The effects of BZA/CE on breast density over 12 months were also evaluated in 940 postmenopausal women with a uterus. Subjects were randomized to receive two doses of BZA/CE [BZA 20 mg/CE 0.45 (n=231), BZA 20 mg/CE 0.625 mg (n=247)], BZA 20 mg (n=122) and CE 0.45 mg/MPA 1.5 mg (n=100), or placebo (n=240). Results of this analysis indicate that women treated with BZA 20 mg/CE 0.45 or BZA 20 mg/CE 0.625 mg for 12 months showed no statistically significant differences in breast density compared with those treated with placebo.
In another SMART-5 sub-study, the effects of BZA/CE on sleep parameters and health-related quality of life (HR-QoL) were evaluated in 459 postmenopausal non-hysterectomized women with bothersome vasomotor symptoms and sleep problems at baseline. Subjects were randomized to BZA 20 mg/CE 0.45 (n=115) or BZA 20 mg/CE 0.625 mg (n=123), BZA 20 mg (n=49), CE 0.45 mg/MPA 1.5 mg (n=56), or placebo (n=116) daily for 12 months. Using a validated quality of life measurement tool, women treated with BZA/CE had statistically significant improvement in sleep parameters and health-related quality of life at one year compared with placebo.
BZA/CE contains a selective estrogen receptor modulator (SERM), bazedoxifene, and conjugated estrogens. It is being investigated for treatment of moderate-to-severe menopausal symptoms such as hot flashes and night sweats, vulvar and vaginal atrophy, and for the prevention of postmenopausal osteoporosis.
It is estimated that approximately 43 million women in the United States are of menopausal age, i.e., between the ages of 40 and 59. Of these women, 17 million experience vasomotor symptoms and 9 million experience moderate-to-severe symptoms. The majority of menopausal women experiencing moderate to severe vasomotor symptoms are not currently treating their symptoms.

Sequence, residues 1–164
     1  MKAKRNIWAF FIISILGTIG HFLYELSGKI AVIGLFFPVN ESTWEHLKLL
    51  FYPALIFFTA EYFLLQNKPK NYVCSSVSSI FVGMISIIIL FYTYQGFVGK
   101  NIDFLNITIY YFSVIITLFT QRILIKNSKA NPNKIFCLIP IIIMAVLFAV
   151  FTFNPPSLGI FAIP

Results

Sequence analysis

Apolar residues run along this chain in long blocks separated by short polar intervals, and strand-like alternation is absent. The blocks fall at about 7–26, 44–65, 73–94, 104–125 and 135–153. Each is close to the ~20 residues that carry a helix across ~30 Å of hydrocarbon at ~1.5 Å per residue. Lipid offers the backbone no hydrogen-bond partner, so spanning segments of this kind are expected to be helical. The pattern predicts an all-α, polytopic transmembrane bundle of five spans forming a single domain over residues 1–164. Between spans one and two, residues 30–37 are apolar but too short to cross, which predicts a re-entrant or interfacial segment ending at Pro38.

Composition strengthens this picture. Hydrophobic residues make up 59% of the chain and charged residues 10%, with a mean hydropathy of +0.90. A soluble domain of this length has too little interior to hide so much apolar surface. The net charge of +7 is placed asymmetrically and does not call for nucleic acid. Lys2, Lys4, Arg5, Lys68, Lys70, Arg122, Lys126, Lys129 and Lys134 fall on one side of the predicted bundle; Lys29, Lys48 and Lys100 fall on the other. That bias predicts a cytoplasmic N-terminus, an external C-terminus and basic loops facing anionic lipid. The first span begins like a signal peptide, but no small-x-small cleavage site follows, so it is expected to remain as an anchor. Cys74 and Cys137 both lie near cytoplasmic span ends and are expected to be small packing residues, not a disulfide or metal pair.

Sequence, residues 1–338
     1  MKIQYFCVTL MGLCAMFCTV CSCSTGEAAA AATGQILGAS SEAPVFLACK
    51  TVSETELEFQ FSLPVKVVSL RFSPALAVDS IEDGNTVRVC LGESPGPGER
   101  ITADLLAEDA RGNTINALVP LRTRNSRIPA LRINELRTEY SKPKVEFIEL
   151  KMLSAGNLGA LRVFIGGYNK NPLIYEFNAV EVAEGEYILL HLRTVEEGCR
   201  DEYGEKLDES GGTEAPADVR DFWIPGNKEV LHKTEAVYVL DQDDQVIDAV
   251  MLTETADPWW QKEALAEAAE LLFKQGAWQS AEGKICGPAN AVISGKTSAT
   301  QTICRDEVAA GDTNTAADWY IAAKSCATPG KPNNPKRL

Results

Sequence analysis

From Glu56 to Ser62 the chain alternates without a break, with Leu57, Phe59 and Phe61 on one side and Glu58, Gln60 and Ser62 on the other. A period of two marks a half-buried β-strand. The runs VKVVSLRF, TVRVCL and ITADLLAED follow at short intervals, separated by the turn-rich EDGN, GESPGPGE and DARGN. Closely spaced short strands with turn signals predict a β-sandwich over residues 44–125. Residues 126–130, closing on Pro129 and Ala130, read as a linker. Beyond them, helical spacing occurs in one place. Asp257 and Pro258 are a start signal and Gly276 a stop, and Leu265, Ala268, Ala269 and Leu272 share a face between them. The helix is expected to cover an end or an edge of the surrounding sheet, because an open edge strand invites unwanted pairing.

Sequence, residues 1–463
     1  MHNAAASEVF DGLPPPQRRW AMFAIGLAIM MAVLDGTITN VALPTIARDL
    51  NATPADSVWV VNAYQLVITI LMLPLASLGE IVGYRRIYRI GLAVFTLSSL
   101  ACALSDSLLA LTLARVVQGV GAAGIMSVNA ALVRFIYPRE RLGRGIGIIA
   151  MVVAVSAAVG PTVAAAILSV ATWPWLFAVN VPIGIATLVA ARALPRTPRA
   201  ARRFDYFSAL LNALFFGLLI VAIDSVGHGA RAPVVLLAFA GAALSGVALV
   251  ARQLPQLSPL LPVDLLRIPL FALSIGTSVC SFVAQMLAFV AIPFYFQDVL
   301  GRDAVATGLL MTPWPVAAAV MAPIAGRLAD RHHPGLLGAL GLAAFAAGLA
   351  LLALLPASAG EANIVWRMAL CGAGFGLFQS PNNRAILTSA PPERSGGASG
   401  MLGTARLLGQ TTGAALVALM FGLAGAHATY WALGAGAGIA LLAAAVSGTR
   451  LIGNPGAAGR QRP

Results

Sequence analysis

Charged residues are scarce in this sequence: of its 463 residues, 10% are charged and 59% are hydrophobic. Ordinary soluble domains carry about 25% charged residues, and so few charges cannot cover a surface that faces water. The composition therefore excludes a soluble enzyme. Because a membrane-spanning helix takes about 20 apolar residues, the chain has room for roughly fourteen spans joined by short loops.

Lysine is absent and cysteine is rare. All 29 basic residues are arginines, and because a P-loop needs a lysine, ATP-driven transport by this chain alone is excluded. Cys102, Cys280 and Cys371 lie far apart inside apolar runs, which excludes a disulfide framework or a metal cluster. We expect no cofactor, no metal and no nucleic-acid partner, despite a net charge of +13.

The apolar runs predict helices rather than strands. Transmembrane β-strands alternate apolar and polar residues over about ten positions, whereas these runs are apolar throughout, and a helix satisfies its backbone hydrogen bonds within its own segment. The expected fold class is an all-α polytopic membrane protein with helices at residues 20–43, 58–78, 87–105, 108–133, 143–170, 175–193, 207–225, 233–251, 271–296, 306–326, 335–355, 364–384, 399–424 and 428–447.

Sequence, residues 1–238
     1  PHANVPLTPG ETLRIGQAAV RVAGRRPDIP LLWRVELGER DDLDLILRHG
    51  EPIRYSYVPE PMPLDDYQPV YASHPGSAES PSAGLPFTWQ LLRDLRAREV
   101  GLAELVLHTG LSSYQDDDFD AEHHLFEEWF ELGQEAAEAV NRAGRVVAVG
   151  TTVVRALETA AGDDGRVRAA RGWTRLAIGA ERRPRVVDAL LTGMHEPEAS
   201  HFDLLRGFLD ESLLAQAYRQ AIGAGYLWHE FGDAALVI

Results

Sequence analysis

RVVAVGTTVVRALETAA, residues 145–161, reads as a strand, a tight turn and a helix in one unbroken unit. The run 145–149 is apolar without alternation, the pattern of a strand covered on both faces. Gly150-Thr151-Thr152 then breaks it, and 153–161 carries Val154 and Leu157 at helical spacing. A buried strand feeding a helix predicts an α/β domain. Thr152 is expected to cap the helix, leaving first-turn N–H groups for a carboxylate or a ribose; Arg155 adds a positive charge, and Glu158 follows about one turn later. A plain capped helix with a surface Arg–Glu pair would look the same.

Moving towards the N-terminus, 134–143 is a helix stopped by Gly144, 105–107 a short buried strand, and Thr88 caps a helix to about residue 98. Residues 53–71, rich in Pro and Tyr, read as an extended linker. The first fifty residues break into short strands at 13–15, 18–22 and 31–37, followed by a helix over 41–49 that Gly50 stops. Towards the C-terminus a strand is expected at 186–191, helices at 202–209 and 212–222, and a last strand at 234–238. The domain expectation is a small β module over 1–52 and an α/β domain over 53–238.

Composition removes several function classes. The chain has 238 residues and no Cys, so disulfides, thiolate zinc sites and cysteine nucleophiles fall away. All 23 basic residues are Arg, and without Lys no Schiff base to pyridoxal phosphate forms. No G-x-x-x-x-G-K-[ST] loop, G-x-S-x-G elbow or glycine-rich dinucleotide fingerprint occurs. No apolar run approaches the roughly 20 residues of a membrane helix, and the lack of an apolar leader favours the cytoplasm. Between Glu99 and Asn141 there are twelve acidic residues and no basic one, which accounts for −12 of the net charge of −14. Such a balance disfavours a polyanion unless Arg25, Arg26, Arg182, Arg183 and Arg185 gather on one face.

Pfizer medicines help women manage different aspects of their health throughout their lives. These treatments go beyond menopause medicines to include all aspects of health throughout a woman's life, such as reproductive and maternal health, vaccines, nutrition, vitamins and bone health. In addition, Pfizer is working to better understand how the evolving healthcare landscape is impacting women, and how we can support their unique needs, now and in the future.
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DISCLOSURE NOTICE: The information contained in this release is as of September 22, 2011. Pfizer assumes no obligation to update forward-looking statements contained in this release as the result of new information or future events or developments.
This release contains forward-looking information about an investigational therapy, including its potential benefits, that involves substantial risks and uncertainties. Such risks and uncertainties include, among other things, the uncertainties inherent in research and development; decisions by regulatory authorities regarding whether and when to approve any drug applications that may be filed for such investigational therapy as well as their decisions regarding labeling and other matters that could affect its availability or commercial potential; and competitive developments.
A further description of risks and uncertainties can be found in Pfizer's Annual Report on Form 10-K for the fiscal year ended December 31, 2010 and in its reports on Form 10-Q and Form 8-K.
Posted: September 2011